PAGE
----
A radio receiver is an electronic device that takes a transmitted signal, extracts the original signal from it and amplifies that signal. The process of extracting the signal is called demodulation. A radio station, for example, will broadcast a signal which is then detected by a receiver. The receiver, in turn, will separate that signal from many others and then play it through its speakers. There are several different types of signals that the receiver can be designed to demodulate and decode including sounds, pictures and digital data, to name a few.
Alexander Stepanovich Popov designed and implemented the first radio receiver in 1896. It was based on electromagnetic waves, which were proven to exist by James Clerk Maxwell only a few years earlier in 1887. It took only a few more years until the first radio system was able to transmit communications across the Atlantic in 1901. In the time between then and the present day, the receiver has seen a great many technological advances. One of the most significant advances was the invention of the superheterodyne, or superhet, receiver.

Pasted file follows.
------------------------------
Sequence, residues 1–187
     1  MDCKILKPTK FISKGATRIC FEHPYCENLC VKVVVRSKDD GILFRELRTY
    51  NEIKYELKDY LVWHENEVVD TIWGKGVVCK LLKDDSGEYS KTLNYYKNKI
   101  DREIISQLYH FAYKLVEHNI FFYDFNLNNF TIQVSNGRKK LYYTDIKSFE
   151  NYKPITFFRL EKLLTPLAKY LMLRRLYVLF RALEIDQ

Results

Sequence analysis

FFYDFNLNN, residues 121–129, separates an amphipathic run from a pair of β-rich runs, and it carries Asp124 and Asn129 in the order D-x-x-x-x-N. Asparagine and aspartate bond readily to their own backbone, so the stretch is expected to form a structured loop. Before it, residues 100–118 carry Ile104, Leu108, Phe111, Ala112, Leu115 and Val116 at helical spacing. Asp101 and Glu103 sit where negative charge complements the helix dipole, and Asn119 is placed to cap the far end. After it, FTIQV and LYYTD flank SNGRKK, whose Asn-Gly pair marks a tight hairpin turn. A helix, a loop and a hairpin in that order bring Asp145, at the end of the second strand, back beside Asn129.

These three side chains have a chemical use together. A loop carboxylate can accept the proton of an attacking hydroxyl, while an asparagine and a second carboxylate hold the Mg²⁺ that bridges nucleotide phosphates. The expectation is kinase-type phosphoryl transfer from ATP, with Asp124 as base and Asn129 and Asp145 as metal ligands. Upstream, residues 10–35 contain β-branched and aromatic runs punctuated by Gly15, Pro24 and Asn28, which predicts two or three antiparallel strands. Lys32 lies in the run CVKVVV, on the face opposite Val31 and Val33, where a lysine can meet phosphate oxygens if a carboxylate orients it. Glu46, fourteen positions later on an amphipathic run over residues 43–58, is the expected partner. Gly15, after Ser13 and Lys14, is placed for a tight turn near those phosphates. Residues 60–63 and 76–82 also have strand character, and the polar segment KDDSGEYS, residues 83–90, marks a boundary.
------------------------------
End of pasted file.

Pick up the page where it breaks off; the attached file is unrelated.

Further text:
These advances have allowed the radio receiver to become more compact while also being able to receive better signals amid crowded radio traffic. This traffic includes a wide range of radio frequencies that are uses for many purposes. Examples of these frequencies are FM, AM, VHF and UHF, but there are many more ranging from extremely low to extremely high frequencies. The receiver is still undergoing many technological advances, especially with the recent increase in the use of digital signals. These digital signals have paved the way for new technologies such as satellite radio and digital TV (DTV).
A radio receiver can come in a great deal of varieties. High fidelity audio receivers are used in home stereo systems not only to listen to radio broadcasts, but also to decode hi-fi signals from other input sources such as DVD players, Blu-Ray Disc players, old-fashioned VCRs and more. A crystal radio receiver runs on the power that is received from radio waves. Measurement and telemetry receivers measure and report a wide array of data based on the signals received and are used for scientific purposes. Other varieties include communications receivers, satellite television receivers, portable transistor radios and radio scanners.